Diversity in Friesland

Today was an eventful day filled of interviews and hard #wurkje! In order to cover more ground our team decided to split up, so some of the team conducted interviews while others worked on a graphic design project all which will ultimately be displayed in  the Talepavilijoen (language pavilion); a space that will promote the different languages in the community.

Our first interview of the day was with Willy Bergsma, who is working with many different language communities for the language pavilion project. Willy’s first language is Frisian and her second language is Dutch. One of the interesting things about her is that she owns a Bed and Breakfast in one of Leeuwarden’s beautiful historic buildings.

Our second interview was at a restaurant called Mouni with owner Adel who’s restaurant has been open for 12 years.He lovingly named the restaurant after his mother who passed away in 2013. We discovered him after going to his restaurant quite a bit since we’ve been here. Adel has a diverse background with his mother having been French and his father being Algerian. His food is loved so much so that he has won an award for being one of the top kabob shops number in Friesland, allowing him the chance to take a picture with Netherlands prime minister, which he proudly displays on his wall. His employees also come from diverse backgrounds and speak different languages including Japanese, Urdu, and Azeria.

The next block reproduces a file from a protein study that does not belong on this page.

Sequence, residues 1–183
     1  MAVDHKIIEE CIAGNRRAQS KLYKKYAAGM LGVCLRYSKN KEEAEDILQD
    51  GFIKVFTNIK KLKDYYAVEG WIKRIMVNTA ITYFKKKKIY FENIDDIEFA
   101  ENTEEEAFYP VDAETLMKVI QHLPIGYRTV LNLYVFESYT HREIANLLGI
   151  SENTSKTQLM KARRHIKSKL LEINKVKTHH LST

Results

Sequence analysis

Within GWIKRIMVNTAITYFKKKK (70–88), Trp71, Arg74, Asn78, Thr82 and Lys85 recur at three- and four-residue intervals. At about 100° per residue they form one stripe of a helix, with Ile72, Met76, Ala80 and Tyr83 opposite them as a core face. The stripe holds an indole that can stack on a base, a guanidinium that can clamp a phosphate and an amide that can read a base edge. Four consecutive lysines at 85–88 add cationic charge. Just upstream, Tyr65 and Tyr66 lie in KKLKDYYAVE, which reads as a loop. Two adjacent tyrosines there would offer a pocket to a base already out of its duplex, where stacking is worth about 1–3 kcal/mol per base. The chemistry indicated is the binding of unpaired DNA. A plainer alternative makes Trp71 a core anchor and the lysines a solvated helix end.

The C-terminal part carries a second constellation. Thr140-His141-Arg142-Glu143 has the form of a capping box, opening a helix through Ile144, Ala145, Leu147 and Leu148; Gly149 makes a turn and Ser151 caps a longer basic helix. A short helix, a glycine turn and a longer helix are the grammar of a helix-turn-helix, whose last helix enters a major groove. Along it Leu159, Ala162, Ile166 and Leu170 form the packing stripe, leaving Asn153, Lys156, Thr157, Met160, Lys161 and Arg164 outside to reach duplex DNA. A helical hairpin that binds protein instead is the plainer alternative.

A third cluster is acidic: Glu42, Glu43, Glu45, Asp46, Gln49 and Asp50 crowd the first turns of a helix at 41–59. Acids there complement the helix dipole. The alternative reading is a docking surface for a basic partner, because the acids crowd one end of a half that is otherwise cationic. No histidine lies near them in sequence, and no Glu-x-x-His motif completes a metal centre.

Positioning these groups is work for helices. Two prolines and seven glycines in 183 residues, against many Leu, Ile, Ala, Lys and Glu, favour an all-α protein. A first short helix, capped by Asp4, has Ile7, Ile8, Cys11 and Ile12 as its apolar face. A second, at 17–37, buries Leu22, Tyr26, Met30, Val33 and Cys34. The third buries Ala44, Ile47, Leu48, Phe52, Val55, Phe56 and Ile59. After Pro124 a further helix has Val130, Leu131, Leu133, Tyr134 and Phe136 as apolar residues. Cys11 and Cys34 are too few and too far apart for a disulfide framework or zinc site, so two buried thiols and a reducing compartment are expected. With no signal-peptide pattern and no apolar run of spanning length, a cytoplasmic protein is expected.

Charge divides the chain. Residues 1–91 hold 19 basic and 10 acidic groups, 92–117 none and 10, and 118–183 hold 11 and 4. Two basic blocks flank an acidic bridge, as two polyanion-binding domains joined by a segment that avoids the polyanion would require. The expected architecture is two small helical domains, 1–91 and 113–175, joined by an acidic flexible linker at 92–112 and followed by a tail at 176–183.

Interview with Adel at his restaurant Mouni.

The last interview was with Asturian natives Carlos and Iria, who currently live in Leeuwarden. They have wonderful personalities and have a passion for music. The believe that music brings out the connection in people, and together they have a band called Xera.

Interview with Carlos and Iria native Asturians living in Leeuwarden

Back at the hostel, some of the team worked on creating mock-ups for a Dutch sign language menu and a poster that will displayed in the Talepavilijeon. Because the servers in the pavilion will be deaf, it will be important that the patrons know basic Dutch sign language to promote interaction.

It is amazing how much diversity is in this city of mostly Frisian and Dutch speakers, which is why this is a great place for European Capital of Culture 2018 . You would probably be surprised what languages are spoken in your community too!

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